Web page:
‘Mission civilisatrice?’ You wot?

Some excerpts from the Guardian report on Brown’s visit to the US.

special relationship….special relationship….special relationship….a special relationship…the modern phase of our special relationship..special relationship…special relationship.

Sadly, no detail is offered on what makes the relationship special. Perhaps one of the things that makes it special is the very fact that encounters between the two countries end up in much talk about a special relationship.

The idea of Britain having a special relationship with America appeals, I am guessing, to lots of people who have not come to terms with the fact that the sun set on the British Empire over 60 years ago. I am sure that the effects of that trauma persist to this day. What a special relationship with America means for such people is a feeling of closeness to the power and the glory of Empire.

Then you have the people whose delight in the products of American culture leads them to identify closely with it. It doesn’t really make sense to talk of a special relationship here because the existence of a special relationship implies that there must be other relationships worth talking about. But there aren’t.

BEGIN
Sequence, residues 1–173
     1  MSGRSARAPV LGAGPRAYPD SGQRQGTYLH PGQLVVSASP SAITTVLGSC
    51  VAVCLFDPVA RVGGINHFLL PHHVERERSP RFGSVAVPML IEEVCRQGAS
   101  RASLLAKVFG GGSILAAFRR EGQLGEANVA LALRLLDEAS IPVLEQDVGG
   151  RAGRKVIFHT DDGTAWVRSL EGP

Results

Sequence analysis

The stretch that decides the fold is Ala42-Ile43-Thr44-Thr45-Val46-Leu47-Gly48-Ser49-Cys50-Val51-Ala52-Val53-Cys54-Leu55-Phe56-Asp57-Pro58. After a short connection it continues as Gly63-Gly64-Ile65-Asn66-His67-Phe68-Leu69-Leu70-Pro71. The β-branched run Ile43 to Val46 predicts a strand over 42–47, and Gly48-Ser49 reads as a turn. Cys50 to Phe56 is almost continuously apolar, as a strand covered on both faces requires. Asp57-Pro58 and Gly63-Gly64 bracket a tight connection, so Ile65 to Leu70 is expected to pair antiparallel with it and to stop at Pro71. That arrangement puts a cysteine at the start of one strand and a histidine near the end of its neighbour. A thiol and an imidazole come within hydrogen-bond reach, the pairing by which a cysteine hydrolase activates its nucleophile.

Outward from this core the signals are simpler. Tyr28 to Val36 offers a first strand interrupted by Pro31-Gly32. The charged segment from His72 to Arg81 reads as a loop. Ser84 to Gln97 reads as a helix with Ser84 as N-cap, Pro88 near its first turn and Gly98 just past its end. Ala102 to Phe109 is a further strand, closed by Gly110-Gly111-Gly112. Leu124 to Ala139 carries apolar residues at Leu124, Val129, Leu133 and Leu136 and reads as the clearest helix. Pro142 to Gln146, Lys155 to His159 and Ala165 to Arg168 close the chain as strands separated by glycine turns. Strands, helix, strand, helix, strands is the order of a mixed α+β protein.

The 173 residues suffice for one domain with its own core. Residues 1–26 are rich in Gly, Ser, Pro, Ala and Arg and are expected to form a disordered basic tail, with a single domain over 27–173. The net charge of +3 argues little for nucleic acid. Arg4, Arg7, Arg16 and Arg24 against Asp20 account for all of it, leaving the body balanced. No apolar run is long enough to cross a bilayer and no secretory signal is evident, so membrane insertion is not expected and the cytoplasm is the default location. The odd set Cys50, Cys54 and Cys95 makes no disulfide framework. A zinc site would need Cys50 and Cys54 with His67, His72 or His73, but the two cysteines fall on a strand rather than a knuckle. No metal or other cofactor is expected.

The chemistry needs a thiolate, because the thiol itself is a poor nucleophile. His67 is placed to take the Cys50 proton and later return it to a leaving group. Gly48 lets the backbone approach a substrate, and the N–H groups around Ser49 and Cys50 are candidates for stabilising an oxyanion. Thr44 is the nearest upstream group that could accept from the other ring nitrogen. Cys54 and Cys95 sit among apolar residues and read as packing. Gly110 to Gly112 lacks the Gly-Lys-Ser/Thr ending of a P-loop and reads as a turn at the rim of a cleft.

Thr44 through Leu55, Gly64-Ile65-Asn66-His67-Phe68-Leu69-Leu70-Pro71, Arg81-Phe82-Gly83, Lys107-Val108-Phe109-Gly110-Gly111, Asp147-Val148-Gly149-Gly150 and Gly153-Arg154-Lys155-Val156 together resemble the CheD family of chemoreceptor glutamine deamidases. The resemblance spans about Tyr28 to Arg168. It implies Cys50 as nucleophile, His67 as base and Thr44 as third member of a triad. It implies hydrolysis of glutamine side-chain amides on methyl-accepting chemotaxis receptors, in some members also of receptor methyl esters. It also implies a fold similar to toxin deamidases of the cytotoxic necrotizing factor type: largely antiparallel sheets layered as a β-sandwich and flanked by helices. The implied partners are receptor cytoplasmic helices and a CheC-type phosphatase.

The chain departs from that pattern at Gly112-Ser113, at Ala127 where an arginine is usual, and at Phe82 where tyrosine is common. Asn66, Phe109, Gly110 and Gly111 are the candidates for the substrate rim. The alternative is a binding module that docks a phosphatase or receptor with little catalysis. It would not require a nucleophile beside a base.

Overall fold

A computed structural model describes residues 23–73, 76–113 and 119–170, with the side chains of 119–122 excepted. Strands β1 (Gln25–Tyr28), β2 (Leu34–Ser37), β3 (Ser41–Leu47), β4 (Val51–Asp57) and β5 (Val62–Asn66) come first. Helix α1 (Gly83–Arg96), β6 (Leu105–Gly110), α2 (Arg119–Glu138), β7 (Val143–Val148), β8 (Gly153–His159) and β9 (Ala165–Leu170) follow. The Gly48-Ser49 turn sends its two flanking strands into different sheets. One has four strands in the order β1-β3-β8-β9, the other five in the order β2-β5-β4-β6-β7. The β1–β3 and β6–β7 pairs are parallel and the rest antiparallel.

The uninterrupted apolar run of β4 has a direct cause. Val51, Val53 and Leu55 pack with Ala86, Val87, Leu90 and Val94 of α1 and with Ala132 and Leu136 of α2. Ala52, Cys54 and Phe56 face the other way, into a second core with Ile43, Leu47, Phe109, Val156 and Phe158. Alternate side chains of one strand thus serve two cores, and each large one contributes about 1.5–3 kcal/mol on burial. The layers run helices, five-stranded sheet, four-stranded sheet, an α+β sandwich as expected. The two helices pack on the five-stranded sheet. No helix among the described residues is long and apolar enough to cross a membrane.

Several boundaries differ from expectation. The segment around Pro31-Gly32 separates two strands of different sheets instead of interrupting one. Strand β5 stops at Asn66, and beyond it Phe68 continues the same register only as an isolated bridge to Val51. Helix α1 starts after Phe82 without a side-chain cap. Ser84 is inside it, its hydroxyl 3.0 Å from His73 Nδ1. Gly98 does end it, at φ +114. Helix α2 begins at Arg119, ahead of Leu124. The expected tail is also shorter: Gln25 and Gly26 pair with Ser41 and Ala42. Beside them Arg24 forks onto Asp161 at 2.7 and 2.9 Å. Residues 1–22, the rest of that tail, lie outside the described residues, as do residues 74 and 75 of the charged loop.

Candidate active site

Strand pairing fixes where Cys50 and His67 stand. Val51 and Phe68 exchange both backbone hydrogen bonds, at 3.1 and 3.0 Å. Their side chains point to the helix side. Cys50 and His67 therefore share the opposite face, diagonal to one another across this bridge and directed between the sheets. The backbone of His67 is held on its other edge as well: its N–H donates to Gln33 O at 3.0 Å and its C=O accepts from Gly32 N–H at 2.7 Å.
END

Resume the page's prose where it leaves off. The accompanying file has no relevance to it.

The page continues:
Or perhaps it’s the language. People exult in the Anglosphere and talk about the benefits accruing from speaking the same language. In a critical review of a rather vulgar history of the ‘the English-Speaking Peoples‘, Christopher Hitchens points toward

a certain shared tradition, capacious enough to include a variety of peoples and ethnicities and expressed in a language—perhaps here I do betray a bias—uniquely hostile to euphemisms for tyranny

and also notes that:

English is, of course, the language of the English and American revolutions, whose ideas and values continue to live after those of more recent revolutions have been discredited and died.

But there is simply no way of knowing if one language can be ‘uniquely hostile to euphemisms for tyranny’, and anyway, no language forecloses the possibility of expressing any particular idea: Regrettably, bumming and blowing about the unique qualities of the English language is a common practice these days, in part the result of the incestuous belief that it is the English language itself that forms the basis for common greatness. The language becomes a totem for supremacist inclinations. Thus, it’s not that we are innately superior, since we are well above these things. No, no, no, dear boy, it’s the language that’s superior.

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